I’ve spent most of today and yesterday thinking about my current spiritual crisis and have gotten a lot of clarity on the issue.
First of all, I thought again about what my options really are: the Catholic Church, the Orthodox Church, or the “God Lite” route where I talk about being a “spiritual” person while doing whatever I want. Looking back, this isn’t really that much of a dilemma: I’ve made too many people vow to kick my ass if I ever say I’m “spiritual but not religious, ” so that rules out the third option; the teachings of the Orthodox Church are appealing to me, but I don’t feel drawn to it, so that puts option number two aside for the moment. And then there’s the first option: the Catholic Church.
The process that’s led me to get this far into the Church has been more like falling in love with a person than a cerebral theological pursuit. Since the moment I began seriously considering becoming Catholic I’ve felt an intense, gut-level pull toward the Church that’s not like anything I’ve ever experienced. On an intellectual level I’ve had some reservations — sometimes, like now, major reservations — but on the emotional, gut level I’ve never really doubted that this is where I’m meant to be.
I heard a wonderful priest, Fr. Eugene Morris, on Relevant Radio’s show The Inner Life this afternoon. They were discussing this very topic and Fr. Morris had some excellent insights on the issue of not feeling close to God. He made two analogies: the first that getting to know God is like getting to know a person — you need to invest time in the relationship to really get to know that person. The second analogy was of prayer being like working out — you wouldn’t expect to see results if you didn’t do it very often.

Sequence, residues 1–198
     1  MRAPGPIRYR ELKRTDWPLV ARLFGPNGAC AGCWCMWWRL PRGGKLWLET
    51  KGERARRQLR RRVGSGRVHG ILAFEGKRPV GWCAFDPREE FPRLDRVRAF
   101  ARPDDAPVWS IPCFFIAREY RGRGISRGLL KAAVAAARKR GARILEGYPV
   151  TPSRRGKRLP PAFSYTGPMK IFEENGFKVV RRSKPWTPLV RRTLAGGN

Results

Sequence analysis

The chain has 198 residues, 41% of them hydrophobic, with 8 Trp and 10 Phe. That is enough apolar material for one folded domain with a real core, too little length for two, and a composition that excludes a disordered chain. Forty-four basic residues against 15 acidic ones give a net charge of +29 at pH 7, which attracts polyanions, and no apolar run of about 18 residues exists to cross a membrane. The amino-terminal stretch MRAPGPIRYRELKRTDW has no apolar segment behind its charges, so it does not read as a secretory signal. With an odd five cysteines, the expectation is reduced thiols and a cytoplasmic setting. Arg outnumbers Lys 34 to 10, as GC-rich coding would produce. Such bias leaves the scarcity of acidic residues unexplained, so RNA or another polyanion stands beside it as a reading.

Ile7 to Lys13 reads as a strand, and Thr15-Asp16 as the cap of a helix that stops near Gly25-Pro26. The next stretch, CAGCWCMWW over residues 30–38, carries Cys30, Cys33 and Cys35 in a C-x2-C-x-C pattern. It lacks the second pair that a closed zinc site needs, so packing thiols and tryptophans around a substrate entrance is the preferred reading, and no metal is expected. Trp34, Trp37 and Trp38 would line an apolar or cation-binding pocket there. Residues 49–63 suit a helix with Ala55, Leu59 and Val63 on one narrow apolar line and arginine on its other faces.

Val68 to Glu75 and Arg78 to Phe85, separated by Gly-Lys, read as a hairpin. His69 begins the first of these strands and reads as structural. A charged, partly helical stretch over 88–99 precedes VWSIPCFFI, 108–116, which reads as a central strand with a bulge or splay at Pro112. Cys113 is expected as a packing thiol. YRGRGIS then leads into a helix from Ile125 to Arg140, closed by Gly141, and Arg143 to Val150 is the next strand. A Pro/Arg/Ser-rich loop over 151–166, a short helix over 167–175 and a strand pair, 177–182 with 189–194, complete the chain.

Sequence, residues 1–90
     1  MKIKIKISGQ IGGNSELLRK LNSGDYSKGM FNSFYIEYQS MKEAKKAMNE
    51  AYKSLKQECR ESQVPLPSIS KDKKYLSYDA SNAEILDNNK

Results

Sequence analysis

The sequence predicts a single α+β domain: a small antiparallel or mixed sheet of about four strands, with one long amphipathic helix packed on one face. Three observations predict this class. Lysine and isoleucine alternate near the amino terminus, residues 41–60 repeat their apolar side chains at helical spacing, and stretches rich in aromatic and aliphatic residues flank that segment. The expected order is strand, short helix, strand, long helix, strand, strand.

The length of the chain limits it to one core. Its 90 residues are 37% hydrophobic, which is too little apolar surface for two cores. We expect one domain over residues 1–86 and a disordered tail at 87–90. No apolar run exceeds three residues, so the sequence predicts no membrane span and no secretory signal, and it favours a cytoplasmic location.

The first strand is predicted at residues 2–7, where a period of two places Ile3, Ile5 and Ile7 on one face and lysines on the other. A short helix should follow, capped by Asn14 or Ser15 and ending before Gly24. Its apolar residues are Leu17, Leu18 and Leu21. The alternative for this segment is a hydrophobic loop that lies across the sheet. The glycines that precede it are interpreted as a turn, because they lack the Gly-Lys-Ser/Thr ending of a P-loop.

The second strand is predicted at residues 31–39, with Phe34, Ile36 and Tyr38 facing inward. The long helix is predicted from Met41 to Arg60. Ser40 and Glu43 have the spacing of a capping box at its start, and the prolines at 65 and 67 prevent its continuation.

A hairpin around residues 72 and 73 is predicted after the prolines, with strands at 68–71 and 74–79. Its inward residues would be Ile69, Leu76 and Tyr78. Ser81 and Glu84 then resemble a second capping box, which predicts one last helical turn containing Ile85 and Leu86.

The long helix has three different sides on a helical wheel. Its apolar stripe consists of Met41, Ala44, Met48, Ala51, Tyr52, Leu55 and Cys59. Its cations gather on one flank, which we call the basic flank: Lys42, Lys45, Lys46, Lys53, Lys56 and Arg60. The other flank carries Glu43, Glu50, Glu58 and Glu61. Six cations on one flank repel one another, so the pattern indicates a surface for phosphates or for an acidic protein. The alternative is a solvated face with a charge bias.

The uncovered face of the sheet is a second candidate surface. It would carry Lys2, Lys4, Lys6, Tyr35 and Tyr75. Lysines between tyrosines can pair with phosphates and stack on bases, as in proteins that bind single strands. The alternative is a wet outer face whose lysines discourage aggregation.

Now that I can relate to.
One of my more annoying hobbies is my never-ending quest to lose about ten pounds, so the similarities to prayer and working out really grabbed me. And I asked myself: if I looked back over the past few months and replaced the time I spent praying and/or in church with time at the gym, would I expect to see any differences in my physical appearance? Hmm. One hour each week on Sunday and, say, an average of two minutes per day praying. Umm, no. That wouldn’t get me anywhere. So why is it that I would expect to have gotten anywhere in my spiritual life?
Just like there are some people who can be fit and trim without ever giving a second thought to diets or exercise, there are some people who seem to have a solid faith in God and the Church without ever having to work at it. Maybe it’s just the way their brain is wired, maybe it was their upbringing, who knows. But one thing is clear in both cases: I am not one of those people.
So just as I don’t spend any time wondering why those last ten pounds aren’t coming off when I’ve been eating whatever I want and hardly ever exercising, I don’t think I should be spending any time wondering why I don’t feel close to God when I spend less than two hours per week in any sort of prayerful activity.
Maybe it won’t work — just like I sometimes feel that I can’t lose any weight no matter how much I cut calories or exercise — but I certainly have no excuse to complain about it until I’ve actually tried.
It’s time for me to take more responsibility here. Yes, I am coming at all this from a disadvantage since my atheist background wires me to prize intellect and reason to the absurd exclusion of anything that can’t be proved on paper (which is, really, the typical prideful human tendency to want to be like God, to need to believe that we know everything). But that doesn’t necessarily mean that there’s no way I can ever embrace the faith that I feel being kindled somewhere deep down inside. It may just mean that I need to try harder.
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